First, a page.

CPS species are harvested with purse seine nets. CPS finfish are managed under the federal CPS Fishery Management Plan – California’s CPS fleet operates under a limited entry program with 65 transferable permits issued (62 are currently active). Vessels range in size from approximately 30-90 feet in length and 20-140 gross registered tons in capacity. Purse seine vessels require 5-8 crewmen to operate, including the skipper.

Market squid, a monitored species under the CPS FMP, is actively managed by the State of California under the Market Squid Fishery Management Plan. A state limited entry program was established in 2004, reducing fleet size to 77 transferable purse seine vessel permits (71 purchased permits in 2012);
about 66 vessels fish actively each year. Approximately 45-50 of the squid vessels also maintain CPS finfish permits and fish for both squid and CPS species, depending on season and availability.


THE MARKETS:

Wetfish processing is concentrated in about 10-12 family-owned companies, most of whom have operated in Monterey, San Pedro or points in-between for decades. Each company employs 30 to more than 450 permanent employees, who process and pack wetfish in myriad forms for domestic consumption and export to more than 26 countries worldwide.

Excerpt from SOUTHERN CALIFORNIA CPS PROCESSOR COST-EARNINGS REPORT
– THE IMPORTANCE OF SARDINES IN THE SOUTHERN CA CPS FISHERY [2004]

Overall, the S.CA. sardine/wetfish industry employs between 1,400 and 1,500 workers, including seasonal employees, and the maximum packing capacity is estimated between 1,900 and 2,000 tons per 24 hour day, in aggregate.

Excerpt from MONTEREY REGION CPS PROCESSORCOST-EARNINGS REPORT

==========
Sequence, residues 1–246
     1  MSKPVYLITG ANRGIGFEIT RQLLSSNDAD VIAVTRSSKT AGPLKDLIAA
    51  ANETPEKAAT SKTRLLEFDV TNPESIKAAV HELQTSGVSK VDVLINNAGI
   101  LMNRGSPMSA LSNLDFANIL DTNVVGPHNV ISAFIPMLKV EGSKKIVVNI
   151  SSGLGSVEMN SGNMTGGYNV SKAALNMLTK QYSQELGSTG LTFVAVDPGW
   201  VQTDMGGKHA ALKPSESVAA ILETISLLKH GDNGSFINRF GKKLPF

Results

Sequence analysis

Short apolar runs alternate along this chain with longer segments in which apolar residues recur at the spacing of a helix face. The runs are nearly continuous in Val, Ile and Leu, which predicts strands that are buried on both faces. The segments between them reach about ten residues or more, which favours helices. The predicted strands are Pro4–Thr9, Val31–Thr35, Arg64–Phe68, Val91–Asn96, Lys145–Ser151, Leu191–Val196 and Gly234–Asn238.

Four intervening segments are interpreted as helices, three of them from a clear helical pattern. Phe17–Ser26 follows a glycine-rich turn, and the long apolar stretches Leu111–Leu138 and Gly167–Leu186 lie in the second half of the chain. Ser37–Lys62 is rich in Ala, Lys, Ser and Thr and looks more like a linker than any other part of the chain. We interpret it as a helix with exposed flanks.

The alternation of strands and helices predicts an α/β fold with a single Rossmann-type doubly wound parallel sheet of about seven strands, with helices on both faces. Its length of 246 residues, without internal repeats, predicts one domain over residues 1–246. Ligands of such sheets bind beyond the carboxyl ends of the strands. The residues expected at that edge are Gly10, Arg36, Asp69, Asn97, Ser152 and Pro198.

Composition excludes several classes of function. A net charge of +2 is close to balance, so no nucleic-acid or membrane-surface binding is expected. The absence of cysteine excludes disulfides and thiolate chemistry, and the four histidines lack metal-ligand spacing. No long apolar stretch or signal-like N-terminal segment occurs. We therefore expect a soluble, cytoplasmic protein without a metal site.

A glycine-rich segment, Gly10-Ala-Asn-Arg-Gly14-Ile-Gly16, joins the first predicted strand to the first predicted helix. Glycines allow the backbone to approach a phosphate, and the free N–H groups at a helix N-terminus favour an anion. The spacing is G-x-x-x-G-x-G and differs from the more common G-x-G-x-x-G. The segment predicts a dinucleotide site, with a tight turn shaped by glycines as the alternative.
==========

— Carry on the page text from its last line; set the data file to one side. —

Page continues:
– THE IMPORTANCE OF SARDINES IN THE MONTEREY BAY AREA CPS FISHERY [2005]

Overall, the Monterey Bay area sardine/wetfish industry employs at least 420 workers, including seasonal employees, and the maximum packing capacity is estimated at approximately 1,100 tons per 24 hour day, in aggregate.

In 2013 the City of Monterey commissioned a Fishing Community Sustainability Plan. An economic assessment of the wetfish industry in the Monterey Bay Area projected 720 jobs, including seasonal workers, and packing capacity of 1,400 tons per day.

The wetfish industry is alive and well, in both Monterey and Southern California, Indeed, California’s historic wetfish industry is the foundation of California’s commercial fishing economy.


THE PORTS:

Monterey and Moss Landing in central California, and Ventura, Port Hueneme and San Pedro in southern California, are the primary ports of landing for the wetfish industry. Smaller volumes may also be landed in San Diego and San Francisco. Since 1982, approximately 10-20 percent of landings are offloaded in Monterey ports, and 80-90 percent of landings are offloaded in southern California ports, with the major share of those landings offloaded in San Pedro and Terminal Island.

Vessels seine for market squid in Monterey Bay

The San Pedro wetfish fleet heads out from port for a night of fishing

Wetfish industry leadership established the nonprofit California Wetfish Producers Association (CWPA) in 2004. Members include fishermen and processors who produce most of the total statewide wetfish harvest. CWPA’s mission includes sponsoring cooperative research to ensure sustainable fisheries and facilitating communications within and outside the wetfish industry.

This industry has heavily invested in research since early times, from the beginnings of the California Cooperative Fishery Investigations (CalCOFI). Today CWPA’s cooperative research program continues the tradition, expanding knowledge of market squid and sardine, collaborating with the Department of Fish and Wildlife and Southwest Fishery Science Center.

This information is available as a downloadable PDF: CA Wetfish Statement of Importance